An Internal Passport from the First Empire
09 August 2012
We wrote about passe-ports in a previous post. We described an internal passport but were not able to display any of our many photographs of them, due to the high fees required by the Departmental Archives for the use of images of their holdings (fair enough for them to charge fees but as this blog charges none, we attempt to keep our costs low). A few days ago, on our trundlings through the premises of various brocantes, we found a passport for sale, à vendre, and happily snapped it up. But for a couple of creases, it is in rather good condition, enabling you to read it easily.
As we described before, the French passport of the 19th century was a sheet of paper that separated into two parts along a curved line. One part was kept by the voyager and constituted the passport. The other part was kept by the issuing authority. The issuer for an internal passport, such as this one, was the adminitrative centre, the chef-lieu, closest to where the person lived, in this case, Belloc in Haute-Vienne. Its copy of the above passport, if it has survived, would be found in the Departmental Archives of Haute-Vienne.
The genealogical value of such a document is basic. One might learn a full name, and a date and place of birth that were not yet known. Then, it would be possible to go to the archives or to write to the commune to obtain a copy of the birth registration, which would reveal a bit more. We find the true value of an internal passport to be in that it provides personal details about the individual, revealing more of the human being than even the largest collection of administratively required data can do.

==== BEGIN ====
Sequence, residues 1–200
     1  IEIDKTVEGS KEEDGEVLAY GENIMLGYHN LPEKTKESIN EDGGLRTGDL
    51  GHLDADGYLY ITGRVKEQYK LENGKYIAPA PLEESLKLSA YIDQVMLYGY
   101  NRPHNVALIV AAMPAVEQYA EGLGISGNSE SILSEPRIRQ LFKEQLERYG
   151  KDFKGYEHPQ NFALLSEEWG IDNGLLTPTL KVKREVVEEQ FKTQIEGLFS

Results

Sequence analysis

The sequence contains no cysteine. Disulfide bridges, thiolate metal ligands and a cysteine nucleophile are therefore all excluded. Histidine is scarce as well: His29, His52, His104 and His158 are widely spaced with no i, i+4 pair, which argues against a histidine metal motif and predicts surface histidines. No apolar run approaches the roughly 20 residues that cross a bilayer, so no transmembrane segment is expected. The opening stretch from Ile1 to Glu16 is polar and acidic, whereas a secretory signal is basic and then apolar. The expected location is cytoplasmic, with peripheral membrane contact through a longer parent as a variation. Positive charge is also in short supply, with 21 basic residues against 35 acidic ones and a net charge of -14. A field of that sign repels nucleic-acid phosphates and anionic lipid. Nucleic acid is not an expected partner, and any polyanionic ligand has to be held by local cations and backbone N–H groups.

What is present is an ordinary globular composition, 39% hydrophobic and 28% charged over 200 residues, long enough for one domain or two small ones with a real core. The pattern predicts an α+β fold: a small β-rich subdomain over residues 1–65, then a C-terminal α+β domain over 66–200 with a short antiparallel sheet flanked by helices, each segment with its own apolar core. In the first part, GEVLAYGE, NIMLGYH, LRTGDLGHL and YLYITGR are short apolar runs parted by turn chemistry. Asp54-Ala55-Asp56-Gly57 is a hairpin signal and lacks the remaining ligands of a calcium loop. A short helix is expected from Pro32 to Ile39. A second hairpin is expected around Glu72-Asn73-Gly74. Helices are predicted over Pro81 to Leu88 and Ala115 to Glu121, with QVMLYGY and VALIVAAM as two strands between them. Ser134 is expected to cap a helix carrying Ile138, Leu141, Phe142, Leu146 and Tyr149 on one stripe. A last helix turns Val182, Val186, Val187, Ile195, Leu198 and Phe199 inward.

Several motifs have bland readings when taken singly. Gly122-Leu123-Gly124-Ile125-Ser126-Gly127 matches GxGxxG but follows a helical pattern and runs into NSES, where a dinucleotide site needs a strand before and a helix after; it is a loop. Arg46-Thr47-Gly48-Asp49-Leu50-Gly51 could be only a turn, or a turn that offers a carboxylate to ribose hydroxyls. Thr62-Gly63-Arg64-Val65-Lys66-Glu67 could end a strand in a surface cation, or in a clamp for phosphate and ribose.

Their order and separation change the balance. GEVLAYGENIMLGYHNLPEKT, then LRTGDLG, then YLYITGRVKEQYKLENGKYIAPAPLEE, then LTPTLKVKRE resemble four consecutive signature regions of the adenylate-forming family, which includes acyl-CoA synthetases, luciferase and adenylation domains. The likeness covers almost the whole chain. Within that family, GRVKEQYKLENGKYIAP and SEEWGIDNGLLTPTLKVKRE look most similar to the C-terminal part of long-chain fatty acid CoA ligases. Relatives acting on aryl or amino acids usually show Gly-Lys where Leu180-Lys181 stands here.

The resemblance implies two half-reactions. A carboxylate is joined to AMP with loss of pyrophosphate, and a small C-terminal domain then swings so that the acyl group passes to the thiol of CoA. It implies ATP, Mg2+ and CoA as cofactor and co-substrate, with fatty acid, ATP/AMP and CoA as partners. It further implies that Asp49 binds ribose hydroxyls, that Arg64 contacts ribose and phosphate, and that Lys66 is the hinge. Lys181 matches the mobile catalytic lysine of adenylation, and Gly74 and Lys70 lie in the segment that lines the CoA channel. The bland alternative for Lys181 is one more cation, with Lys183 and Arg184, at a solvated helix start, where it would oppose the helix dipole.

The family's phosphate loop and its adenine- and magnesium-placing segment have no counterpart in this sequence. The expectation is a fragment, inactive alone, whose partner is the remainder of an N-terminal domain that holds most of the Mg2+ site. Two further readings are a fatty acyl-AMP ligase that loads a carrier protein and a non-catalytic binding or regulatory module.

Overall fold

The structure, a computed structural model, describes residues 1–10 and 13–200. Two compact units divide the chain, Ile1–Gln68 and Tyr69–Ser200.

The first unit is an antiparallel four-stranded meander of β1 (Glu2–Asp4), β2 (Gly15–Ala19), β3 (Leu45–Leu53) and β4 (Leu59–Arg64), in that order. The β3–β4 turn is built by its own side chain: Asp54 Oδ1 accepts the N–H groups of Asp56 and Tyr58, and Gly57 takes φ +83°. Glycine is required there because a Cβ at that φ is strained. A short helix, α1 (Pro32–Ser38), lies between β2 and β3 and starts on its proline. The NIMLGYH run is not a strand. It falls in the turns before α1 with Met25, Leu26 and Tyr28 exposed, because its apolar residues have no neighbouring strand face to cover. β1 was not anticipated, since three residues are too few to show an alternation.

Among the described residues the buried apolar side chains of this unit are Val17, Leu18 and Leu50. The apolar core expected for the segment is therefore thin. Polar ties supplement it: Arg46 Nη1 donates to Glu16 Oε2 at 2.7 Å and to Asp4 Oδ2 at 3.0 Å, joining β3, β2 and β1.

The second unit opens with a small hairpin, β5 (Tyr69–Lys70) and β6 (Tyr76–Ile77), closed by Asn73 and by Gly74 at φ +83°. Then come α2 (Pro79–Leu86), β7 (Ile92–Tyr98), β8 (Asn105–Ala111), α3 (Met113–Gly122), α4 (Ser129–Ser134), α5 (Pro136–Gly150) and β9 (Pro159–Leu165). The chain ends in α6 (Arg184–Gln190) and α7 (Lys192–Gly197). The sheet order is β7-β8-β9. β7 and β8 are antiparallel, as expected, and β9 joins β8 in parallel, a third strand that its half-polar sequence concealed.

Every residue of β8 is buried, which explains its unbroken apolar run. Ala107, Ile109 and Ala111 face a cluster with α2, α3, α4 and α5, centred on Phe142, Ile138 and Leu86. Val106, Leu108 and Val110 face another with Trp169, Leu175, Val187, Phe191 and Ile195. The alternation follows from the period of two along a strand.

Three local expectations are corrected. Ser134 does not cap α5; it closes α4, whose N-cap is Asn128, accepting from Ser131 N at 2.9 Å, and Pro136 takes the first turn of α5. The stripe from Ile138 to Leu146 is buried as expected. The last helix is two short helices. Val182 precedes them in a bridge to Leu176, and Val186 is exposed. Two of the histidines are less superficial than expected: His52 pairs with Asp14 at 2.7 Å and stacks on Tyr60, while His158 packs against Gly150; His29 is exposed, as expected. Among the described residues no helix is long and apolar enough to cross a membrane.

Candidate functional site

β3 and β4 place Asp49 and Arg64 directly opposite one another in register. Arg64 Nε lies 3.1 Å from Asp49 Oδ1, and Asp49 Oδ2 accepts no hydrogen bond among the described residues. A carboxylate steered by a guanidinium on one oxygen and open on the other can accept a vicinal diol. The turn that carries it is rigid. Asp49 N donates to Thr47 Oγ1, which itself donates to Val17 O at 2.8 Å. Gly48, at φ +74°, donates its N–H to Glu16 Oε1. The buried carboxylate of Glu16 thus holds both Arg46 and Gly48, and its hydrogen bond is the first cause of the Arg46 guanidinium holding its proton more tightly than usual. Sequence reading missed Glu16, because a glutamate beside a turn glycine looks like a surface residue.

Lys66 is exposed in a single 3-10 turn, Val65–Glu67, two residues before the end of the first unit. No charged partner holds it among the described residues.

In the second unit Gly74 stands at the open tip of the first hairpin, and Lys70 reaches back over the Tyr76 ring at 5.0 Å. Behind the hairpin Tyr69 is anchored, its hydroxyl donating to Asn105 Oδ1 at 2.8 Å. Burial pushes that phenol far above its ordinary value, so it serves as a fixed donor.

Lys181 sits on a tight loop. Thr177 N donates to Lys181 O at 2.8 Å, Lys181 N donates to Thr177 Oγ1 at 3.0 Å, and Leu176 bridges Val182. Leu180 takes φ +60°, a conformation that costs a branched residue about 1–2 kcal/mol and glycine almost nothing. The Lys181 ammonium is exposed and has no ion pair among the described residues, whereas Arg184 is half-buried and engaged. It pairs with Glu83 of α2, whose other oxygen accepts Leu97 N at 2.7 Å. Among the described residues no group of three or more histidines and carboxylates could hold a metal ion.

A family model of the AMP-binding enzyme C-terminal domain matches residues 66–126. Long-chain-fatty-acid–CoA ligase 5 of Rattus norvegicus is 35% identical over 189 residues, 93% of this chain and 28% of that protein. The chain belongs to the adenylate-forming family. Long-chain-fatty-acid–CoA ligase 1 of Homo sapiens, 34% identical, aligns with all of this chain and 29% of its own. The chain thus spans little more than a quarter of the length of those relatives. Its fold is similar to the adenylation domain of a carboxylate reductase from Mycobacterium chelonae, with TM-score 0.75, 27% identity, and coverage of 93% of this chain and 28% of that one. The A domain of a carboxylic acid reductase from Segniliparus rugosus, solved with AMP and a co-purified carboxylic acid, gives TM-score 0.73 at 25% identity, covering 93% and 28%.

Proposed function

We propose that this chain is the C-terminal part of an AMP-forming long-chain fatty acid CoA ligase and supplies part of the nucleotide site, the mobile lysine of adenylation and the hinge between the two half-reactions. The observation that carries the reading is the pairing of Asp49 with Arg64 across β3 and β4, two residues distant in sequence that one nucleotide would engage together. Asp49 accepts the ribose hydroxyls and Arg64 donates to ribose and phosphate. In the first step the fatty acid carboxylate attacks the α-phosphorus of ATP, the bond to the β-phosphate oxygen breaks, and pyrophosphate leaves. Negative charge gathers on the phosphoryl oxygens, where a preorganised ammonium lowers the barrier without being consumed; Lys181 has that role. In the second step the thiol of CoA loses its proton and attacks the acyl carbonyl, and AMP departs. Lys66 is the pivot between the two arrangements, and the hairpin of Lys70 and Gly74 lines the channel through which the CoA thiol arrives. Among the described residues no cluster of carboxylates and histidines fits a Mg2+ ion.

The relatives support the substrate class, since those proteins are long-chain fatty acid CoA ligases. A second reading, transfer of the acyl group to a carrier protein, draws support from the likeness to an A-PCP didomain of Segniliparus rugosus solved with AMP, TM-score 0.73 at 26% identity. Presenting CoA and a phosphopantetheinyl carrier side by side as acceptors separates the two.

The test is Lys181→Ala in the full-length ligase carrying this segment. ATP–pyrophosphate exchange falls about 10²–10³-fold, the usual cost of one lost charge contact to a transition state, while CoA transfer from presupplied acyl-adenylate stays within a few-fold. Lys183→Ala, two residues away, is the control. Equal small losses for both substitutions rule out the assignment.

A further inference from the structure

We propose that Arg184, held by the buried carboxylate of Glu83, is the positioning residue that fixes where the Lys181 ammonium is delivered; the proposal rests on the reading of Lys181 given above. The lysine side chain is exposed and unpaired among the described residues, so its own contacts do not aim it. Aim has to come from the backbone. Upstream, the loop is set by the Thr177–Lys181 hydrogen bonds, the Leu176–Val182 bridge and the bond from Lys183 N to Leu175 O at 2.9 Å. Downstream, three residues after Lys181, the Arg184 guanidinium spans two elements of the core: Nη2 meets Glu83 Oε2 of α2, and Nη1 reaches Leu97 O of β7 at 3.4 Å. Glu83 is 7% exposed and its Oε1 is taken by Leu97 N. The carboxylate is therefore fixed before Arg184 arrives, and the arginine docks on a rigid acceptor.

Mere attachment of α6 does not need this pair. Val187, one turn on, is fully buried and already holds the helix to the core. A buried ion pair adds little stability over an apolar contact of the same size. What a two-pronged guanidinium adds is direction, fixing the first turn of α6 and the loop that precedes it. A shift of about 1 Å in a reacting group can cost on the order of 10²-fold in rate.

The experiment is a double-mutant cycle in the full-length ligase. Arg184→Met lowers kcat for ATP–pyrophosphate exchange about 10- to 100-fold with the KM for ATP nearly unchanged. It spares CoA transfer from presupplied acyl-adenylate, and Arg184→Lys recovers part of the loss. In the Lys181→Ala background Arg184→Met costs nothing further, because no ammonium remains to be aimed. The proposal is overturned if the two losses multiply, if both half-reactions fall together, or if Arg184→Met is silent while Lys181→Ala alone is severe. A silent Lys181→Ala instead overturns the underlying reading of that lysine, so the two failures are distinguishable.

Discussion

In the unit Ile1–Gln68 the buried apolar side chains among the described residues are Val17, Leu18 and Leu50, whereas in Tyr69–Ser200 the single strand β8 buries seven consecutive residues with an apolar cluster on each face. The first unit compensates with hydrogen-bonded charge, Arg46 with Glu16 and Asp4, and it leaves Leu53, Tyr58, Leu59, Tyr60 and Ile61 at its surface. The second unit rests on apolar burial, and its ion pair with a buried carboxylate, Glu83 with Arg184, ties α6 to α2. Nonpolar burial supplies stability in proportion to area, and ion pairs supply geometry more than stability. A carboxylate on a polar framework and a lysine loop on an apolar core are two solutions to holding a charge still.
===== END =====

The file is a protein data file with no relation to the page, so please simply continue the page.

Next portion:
In this case, a rather short, illiterate (his passport shows that he could not sign his name) sixteen-year-old boy who has a big nose, grey eyes, a wide forehead and a scar over his right eye-brow is on his way from the town of his birth to Crecy. He would be travelling from a village of about 2000 people, where a dialect of Occitan would have been spoken, far north to Crécy. Why? It was 1807, during the Premier Empire and the Napoleonic Wars and he was of an age for military service. Perhaps he was going north to join a unit. Perhaps he was going north to escape the service. Perhaps to visit relatives or to find work. The passport does not give a reason for travel, but it does give an image of the boy, making him not just another name in an ever-growing genealogy data-base, but a person.
©2012 Anne Morddel